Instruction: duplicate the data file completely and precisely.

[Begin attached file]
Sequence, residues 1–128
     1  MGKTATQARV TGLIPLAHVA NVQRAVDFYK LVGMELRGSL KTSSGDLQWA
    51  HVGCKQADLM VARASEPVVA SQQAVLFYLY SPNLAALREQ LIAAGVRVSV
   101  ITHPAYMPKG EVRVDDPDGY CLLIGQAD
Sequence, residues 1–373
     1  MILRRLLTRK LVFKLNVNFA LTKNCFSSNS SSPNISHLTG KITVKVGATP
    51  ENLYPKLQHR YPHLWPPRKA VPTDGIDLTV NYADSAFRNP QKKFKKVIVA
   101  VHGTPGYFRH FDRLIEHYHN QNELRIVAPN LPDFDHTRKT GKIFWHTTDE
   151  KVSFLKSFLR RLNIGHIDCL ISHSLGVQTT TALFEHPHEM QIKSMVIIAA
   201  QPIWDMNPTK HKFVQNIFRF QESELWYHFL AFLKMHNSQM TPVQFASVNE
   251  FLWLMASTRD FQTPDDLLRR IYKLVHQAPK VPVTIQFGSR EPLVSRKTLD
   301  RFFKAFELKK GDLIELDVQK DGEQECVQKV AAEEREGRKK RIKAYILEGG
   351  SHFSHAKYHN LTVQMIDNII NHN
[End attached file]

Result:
Sequence, residues 1–128
     1  MGKTATQARV TGLIPLAHVA NVQRAVDFYK LVGMELRGSL KTSSGDLQWA
    51  HVGCKQADLM VARASEPVVA SQQAVLFYLY SPNLAALREQ LIAAGVRVSV
   101  ITHPAYMPKG EVRVDDPDGY CLLIGQAD
Sequence, residues 1–373
     1  MILRRLLTRK LVFKLNVNFA LTKNCFSSNS SSPNISHLTG KITVKVGATP
    51  ENLYPKLQHR YPHLWPPRKA VPTDGIDLTV NYADSAFRNP QKKFKKVIVA
   101  VHGTPGYFRH FDRLIEHYHN QNELRIVAPN LPDFDHTRKT GKIFWHTTDE
   151  KVSFLKSFLR RLNIGHIDCL ISHSLGVQTT TALFEHPHEM QIKSMVIIAA
   201  QPIWDMNPTK HKFVQNIFRF QESELWYHFL AFLKMHNSQM TPVQFASVNE
   251  FLWLMASTRD FQTPDDLLRR IYKLVHQAPK VPVTIQFGSR EPLVSRKTLD
   301  RFFKAFELKK GDLIELDVQK DGEQECVQKV AAEEREGRKK RIKAYILEGG
   351  SHFSHAKYHN LTVQMIDNII NHN